Horatio is manufacturing a placebo that purports to hone a person’s individuality, critical thinking, and ability to objectively and logically approach different situations. He has already tested the market and has found that a vast majority of the sample population exhibit none of these qualities, and are very ready to purchase his product, further entrenching themselves within the traits they so desperately seek to escape. Horatio needs to determine the surface area of each capsule so that he can coat them with an excessive layer of sugar and appeal to the sugar predisposed tongues of the population in preparation for his next placebo that “cures” all forms of diabetes mellitus. Given each capsule has r of 0.05 inches and h of 0.5 inches:

SA = 4π × 0.052 + 2π × 0.05 × 0.5 = 0.188 in2

Spherical Cap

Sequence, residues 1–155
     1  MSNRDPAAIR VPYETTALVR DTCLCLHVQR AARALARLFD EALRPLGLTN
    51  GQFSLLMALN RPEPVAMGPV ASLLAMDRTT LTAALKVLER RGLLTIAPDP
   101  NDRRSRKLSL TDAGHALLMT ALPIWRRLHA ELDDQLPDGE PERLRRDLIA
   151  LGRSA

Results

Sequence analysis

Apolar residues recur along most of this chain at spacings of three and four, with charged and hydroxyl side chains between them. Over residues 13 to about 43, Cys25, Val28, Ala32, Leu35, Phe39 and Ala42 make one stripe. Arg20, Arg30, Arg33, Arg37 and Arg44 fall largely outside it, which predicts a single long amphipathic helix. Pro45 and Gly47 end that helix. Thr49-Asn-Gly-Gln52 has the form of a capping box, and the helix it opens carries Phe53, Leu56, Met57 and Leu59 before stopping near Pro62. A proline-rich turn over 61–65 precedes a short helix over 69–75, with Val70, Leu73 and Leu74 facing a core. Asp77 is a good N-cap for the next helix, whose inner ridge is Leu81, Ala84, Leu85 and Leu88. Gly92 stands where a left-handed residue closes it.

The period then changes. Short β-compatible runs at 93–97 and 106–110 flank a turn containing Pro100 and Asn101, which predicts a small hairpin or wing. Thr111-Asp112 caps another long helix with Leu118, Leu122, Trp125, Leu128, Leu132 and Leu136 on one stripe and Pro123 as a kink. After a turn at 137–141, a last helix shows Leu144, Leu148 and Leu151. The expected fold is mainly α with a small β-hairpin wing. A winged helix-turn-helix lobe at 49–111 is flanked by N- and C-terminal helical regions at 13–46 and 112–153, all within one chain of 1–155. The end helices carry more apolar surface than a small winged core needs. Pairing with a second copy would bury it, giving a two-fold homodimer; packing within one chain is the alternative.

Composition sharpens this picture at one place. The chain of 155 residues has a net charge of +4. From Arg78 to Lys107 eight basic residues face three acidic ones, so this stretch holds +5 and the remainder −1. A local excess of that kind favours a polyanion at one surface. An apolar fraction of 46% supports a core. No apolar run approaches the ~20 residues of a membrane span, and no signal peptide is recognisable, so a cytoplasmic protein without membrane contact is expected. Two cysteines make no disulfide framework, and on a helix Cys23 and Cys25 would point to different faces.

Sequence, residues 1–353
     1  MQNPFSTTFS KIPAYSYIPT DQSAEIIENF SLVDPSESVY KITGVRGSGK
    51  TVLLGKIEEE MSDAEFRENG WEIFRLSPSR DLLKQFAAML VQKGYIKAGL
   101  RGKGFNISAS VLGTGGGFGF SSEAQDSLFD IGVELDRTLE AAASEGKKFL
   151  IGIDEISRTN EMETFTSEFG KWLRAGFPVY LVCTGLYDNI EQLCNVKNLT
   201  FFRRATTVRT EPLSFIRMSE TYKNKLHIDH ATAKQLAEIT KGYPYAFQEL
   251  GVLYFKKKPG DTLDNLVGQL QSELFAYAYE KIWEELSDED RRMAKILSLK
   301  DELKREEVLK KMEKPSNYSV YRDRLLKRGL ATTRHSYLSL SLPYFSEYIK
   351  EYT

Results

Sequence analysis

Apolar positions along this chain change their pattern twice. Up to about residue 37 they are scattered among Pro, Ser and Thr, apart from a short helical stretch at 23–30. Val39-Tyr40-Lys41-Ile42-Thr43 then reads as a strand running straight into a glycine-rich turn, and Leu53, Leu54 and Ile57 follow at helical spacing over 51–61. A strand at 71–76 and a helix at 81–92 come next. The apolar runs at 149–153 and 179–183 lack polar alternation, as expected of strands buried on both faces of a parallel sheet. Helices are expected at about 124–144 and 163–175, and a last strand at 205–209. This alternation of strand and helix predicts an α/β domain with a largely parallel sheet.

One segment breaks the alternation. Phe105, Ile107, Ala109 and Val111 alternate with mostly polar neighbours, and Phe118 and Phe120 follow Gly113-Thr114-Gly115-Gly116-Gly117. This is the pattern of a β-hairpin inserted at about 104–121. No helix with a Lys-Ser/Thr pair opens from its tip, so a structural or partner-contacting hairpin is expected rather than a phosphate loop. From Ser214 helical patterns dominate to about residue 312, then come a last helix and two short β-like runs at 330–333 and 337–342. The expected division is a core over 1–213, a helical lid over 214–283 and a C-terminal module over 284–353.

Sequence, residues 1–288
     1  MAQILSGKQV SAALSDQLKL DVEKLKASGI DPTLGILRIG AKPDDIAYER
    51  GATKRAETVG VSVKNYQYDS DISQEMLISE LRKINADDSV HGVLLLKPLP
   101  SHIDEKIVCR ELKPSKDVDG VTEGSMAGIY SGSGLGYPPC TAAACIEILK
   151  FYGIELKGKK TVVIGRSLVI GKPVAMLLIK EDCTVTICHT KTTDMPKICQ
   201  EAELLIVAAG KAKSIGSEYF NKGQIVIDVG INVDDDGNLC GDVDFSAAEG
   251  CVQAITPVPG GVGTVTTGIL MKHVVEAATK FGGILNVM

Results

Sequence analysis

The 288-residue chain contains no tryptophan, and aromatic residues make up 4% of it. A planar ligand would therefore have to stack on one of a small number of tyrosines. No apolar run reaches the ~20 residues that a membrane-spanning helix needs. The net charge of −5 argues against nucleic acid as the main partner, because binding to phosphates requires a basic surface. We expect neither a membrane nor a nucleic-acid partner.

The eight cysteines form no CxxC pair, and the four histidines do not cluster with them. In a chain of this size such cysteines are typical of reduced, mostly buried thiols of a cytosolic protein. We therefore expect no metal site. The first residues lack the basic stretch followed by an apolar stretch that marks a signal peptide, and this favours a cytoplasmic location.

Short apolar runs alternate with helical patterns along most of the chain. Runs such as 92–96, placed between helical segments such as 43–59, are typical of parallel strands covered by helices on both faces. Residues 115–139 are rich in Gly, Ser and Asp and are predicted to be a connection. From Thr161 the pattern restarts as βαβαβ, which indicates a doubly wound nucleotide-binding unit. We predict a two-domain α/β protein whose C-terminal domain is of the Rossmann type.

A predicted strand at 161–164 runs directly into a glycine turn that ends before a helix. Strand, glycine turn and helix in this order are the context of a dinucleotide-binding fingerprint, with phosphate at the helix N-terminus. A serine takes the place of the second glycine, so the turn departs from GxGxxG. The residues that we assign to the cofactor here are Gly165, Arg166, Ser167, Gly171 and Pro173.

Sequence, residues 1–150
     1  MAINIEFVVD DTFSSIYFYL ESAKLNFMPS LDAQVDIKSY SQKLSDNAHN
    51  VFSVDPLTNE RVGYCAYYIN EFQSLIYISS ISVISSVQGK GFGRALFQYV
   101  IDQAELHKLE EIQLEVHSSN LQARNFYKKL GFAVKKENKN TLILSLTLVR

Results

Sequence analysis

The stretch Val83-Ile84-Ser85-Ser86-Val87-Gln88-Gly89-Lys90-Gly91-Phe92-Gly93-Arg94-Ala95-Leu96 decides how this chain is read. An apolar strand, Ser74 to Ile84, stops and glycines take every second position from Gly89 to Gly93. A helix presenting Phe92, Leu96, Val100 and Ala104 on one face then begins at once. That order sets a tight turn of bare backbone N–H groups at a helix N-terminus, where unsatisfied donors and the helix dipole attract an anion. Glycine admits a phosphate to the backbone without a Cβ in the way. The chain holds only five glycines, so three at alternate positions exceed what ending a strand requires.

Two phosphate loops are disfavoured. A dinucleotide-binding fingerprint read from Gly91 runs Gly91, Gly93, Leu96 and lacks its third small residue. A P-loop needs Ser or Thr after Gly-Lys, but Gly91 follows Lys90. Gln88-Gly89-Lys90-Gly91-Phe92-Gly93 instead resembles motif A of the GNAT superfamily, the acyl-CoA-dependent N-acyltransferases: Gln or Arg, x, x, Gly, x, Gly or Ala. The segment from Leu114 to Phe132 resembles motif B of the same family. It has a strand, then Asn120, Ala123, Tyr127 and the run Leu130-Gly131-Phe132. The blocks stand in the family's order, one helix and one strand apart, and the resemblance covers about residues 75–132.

The surface area of a spherical cap is based on the height of the segment in question. The calculator provided assumes a solid sphere and includes the base of the cap in the calculation of surface area, where the total surface area is the sum of the area of the base and that of the lateral surface of the spherical cap. If using this calculator to compute the surface area of a hollow sphere, subtract the surface area of the base. Given two values of height, cap radius, or base radius, the third value can be calculated using the equations provided on the Volume Calculator. The surface area equations are as follows:

spherical cap SA = 2πRh
base SA = πr2
Total solid sphere SA = 2πRh + πr2
where R is spherical cap radius, r is base radius, and h is height